Vinsamlegast notið þetta auðkenni þegar þið vitnið til verksins eða tengið í það: http://hdl.handle.net/1946/38222
The thesis explores the elements that make the witch and what elements have appeared in almost every story regarding a witch. The witchcraft background is about the possession of supernatural powers and has existed in cultures for ages, and has had few changes throughout literature. The thesis discusses the different witches from Western literature, from Greek mythology to the more modern stories. The most common elements that have stayed with the witch figure throughout literature are that witches are not accepted in their community and are approached by other characters for help. The historical relevance to how the witches are portrayed, as from ageless goddesses and when Christianity came into play and witchcraft became more about devil worship, the witches became darker and became the villains. In more modern times, the historical approach to witchcraft relates to devil worship. They believed witches got their power from the devil or Wicca witchcraft, which is more about ceremonial magic. The thesis examines the witches’ physical appearance and how it is primarily down to two different stereotypes with old women or beautiful young women. The witches often have companions in animal forms that are much more intelligent than they appear. The thesis examines the fact that witches are always outsiders in their community and are often feared for their abilities. The thesis discusses the changes the witch figure has gone through because of the time period and while there are changes to the witch stereotype, a witch is a woman with supernatural powers who are not accepted in their community.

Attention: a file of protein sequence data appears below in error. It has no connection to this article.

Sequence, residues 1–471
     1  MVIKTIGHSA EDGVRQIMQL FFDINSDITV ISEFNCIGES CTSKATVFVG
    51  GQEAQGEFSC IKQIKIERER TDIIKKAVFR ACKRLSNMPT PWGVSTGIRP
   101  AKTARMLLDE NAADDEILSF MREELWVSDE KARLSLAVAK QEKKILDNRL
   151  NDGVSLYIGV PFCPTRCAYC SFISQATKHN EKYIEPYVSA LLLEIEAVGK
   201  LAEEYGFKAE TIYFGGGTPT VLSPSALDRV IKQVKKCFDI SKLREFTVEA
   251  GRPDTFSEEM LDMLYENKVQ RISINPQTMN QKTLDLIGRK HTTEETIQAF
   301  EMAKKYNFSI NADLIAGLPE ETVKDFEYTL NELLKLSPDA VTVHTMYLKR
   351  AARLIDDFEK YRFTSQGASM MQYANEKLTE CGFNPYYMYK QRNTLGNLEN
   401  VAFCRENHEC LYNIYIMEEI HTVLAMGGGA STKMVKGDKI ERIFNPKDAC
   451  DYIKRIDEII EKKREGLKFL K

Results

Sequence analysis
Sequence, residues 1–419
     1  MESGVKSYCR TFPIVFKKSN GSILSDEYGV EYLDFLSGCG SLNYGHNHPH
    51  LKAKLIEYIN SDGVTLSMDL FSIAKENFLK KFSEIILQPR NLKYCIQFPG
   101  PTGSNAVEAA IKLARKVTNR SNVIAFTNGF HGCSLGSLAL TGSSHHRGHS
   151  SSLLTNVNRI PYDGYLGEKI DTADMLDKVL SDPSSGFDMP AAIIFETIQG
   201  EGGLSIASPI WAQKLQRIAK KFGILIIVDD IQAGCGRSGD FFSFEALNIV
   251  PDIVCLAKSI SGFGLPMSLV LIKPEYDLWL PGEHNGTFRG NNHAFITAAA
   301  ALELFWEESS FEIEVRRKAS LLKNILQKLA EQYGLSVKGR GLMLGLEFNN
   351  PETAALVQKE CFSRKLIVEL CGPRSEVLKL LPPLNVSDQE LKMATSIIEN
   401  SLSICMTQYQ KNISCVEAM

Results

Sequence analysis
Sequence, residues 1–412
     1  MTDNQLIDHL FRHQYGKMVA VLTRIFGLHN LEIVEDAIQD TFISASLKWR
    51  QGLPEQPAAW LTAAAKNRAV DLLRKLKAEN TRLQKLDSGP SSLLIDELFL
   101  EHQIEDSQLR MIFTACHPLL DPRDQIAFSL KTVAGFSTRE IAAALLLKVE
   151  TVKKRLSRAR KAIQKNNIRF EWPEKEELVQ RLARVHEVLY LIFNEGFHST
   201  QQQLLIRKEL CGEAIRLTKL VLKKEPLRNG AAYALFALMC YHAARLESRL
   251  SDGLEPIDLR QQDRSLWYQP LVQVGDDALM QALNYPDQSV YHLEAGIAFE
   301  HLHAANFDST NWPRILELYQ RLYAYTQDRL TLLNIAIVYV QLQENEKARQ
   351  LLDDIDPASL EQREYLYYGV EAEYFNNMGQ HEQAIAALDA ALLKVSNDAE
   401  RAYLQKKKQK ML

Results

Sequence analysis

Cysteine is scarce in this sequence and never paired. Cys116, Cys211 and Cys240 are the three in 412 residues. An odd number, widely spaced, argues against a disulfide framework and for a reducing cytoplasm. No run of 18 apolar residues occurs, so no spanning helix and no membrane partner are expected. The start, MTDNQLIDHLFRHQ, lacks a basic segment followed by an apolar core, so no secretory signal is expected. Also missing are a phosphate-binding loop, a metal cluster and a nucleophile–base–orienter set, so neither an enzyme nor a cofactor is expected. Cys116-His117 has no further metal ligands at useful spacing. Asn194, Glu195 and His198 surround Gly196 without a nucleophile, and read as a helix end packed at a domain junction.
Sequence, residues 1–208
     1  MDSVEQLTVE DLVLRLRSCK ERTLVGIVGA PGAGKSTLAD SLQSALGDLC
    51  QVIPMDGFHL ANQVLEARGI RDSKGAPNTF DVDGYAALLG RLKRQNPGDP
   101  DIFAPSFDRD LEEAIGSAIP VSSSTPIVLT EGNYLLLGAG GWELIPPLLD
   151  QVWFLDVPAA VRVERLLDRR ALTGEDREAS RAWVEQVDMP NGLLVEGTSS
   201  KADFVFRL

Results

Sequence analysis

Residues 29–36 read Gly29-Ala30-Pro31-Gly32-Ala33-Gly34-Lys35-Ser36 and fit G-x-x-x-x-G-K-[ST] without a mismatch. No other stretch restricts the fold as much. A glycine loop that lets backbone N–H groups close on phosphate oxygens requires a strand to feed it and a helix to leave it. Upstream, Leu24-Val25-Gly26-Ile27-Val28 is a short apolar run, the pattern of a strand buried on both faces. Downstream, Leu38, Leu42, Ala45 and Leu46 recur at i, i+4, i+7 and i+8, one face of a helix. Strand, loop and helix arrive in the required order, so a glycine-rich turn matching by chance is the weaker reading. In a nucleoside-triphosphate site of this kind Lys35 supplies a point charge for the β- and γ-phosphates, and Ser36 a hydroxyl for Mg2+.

|Jóna Kristín Óttarsdóttir Witches in Literature.pdf||276.3 kB||Opinn||Heildartexti||Skoða/Opna|